It was close to midnight one April evening when Princeton seniors Maya Srinivasan and Hunter Garland glimpsed the first evidence in their long-shot bid to revolutionize heart surgery.
The two mechanical and aerospace engineering majors had spent months researching, acquiring and setting up pumps of the type used in heart-lung machines, the devices that keep patients alive during heart surgeries. Finally, they were at the point of running laboratory-grade blood through the pumps and looking under a microscope for signs of cell damage.
Their mission: find an alternative method of pumping that could reduce the incidence of brain damage and other debilitating side effects that doctors increasingly believe stem from the use of heart-lung machines.
“We want to use this data to redesign the machine from the bottom up,” said Srinivasan.
That kind of bold thinking is the point of Project X, a fund that is providing financial support for Srinivasan and Garland’s work. Given by Lynn Shostack in memory of her late husband David Gardner, a 1969 Princeton graduate, the fund is administered by the dean of the School of Engineering and Applied Science and is intended to give faculty members in the engineering school the freedom to pursue hunches and unconventional ideas, even if those ideas are outside their direct expertise.
The fund, now in its second round of grants, has supported eight projects, so far all in the area of human health. Projects, which often have involved undergraduates, range from a hearing aid that restores patients’ three-dimensional perception of sound to a greatly improved system for removing tattoos.
The creation of Project X stoked immediate interest among faculty members. In the most recent round, four projects were chosen from among 28 submissions. Recipients said the funding, typically less than $75,000 a year, provides flexibility and opportunity that is rarely available from conventional grant-making agencies. Instead of the voluminous applications typically required for grants, Project X applicants submit one or two pages outlining their idea, and then have no formal requirements for reporting their progress.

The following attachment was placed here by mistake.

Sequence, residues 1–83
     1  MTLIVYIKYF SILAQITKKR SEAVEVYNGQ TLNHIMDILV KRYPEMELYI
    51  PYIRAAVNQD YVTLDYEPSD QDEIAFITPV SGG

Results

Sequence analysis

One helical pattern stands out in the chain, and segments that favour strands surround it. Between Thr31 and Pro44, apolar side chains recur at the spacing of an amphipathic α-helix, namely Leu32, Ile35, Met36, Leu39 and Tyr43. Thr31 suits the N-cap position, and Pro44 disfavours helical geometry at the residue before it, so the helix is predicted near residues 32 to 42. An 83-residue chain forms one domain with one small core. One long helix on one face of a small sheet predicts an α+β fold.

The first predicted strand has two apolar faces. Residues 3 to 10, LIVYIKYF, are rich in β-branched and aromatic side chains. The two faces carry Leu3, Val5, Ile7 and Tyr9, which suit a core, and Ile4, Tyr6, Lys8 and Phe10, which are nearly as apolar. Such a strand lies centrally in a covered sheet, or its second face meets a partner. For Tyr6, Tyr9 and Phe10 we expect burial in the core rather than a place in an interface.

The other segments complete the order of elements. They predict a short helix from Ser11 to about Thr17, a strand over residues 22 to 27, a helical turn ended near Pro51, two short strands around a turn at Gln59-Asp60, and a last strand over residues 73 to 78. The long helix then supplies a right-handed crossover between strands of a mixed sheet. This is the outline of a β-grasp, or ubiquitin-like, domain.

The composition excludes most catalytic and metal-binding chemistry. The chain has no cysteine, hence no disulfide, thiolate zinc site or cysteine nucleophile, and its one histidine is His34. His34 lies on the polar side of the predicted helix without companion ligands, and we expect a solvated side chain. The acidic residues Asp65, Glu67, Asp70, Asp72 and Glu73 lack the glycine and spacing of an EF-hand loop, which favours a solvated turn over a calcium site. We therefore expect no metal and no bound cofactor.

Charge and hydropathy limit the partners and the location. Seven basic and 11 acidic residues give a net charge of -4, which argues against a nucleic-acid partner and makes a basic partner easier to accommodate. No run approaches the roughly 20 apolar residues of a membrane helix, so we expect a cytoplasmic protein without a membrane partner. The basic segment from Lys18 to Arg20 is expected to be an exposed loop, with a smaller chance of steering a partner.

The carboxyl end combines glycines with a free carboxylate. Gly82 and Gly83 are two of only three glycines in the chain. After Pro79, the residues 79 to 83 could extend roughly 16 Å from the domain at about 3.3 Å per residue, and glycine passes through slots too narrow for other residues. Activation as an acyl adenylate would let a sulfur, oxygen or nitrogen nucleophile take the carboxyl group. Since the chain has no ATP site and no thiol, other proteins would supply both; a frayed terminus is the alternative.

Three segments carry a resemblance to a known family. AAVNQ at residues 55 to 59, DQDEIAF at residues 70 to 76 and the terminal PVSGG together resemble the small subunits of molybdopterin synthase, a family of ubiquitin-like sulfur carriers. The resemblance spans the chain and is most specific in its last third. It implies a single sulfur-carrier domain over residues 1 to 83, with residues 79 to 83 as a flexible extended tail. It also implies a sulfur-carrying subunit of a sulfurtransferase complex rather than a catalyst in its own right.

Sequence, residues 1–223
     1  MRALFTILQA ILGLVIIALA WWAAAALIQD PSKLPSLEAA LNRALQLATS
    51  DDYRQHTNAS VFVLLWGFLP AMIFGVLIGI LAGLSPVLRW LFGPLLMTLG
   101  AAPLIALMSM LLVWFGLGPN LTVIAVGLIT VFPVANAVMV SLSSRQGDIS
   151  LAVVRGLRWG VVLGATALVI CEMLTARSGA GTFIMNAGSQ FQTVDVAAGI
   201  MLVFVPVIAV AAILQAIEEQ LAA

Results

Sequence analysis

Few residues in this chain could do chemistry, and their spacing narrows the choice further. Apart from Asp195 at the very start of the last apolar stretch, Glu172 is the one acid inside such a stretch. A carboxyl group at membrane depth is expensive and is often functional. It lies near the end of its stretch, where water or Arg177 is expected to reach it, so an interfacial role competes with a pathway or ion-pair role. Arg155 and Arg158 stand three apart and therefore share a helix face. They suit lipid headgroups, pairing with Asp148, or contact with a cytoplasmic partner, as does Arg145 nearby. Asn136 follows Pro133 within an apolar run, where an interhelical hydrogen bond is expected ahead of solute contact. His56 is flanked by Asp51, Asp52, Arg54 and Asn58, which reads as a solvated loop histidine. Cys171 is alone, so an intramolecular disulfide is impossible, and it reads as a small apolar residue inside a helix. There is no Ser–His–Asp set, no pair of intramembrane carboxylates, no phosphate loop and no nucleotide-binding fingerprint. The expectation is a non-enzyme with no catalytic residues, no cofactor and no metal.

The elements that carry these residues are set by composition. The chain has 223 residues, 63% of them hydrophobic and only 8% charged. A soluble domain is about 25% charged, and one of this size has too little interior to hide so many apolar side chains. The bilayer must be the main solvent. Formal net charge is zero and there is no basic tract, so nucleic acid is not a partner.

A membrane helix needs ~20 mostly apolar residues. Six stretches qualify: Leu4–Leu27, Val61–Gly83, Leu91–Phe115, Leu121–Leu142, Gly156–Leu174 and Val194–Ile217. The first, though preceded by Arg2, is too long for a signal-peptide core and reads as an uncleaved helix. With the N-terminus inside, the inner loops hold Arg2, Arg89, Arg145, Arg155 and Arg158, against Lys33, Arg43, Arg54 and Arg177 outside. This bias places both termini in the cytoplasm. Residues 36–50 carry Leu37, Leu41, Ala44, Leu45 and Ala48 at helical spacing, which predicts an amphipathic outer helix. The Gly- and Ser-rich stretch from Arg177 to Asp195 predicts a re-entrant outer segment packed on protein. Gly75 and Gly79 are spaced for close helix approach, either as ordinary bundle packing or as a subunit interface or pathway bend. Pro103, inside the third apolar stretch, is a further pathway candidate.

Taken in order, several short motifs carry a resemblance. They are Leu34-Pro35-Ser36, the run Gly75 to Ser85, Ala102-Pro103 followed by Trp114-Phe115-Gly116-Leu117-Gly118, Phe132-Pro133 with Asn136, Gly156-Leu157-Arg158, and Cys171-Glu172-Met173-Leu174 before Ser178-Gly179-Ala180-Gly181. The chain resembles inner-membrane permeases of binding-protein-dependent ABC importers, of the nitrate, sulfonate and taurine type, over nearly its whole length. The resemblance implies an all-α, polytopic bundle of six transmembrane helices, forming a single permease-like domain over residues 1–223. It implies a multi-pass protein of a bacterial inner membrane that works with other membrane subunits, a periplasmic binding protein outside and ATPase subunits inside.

For Alexander Smits, chair of the Department of Mechanical and Aerospace Engineering and leader of the heart-lung project, the funding meant the difference between trying a new idea or not. Smits is a leader in the field of fluid mechanics and turbulence. Lately he has applied that knowledge to biomechanics and the movement of animals in water, but he knew he was out of his depth when he began speaking with Shostack about heart-lung machines during one of her early visits to the engineering school.
“This is not an area that is anywhere close to my primary expertise, but these kinds of funds allow me to explore new ideas,” said Smits, Princeton’s Eugene Higgins Professor of Mechanical and Aerospace Engineering. “Imagine me writing a proposal to the NIH (National Institutes of Health) to explore heart-lung machines! I’d need a team — I’d need a doctor, a clinician, all kinds of experts.”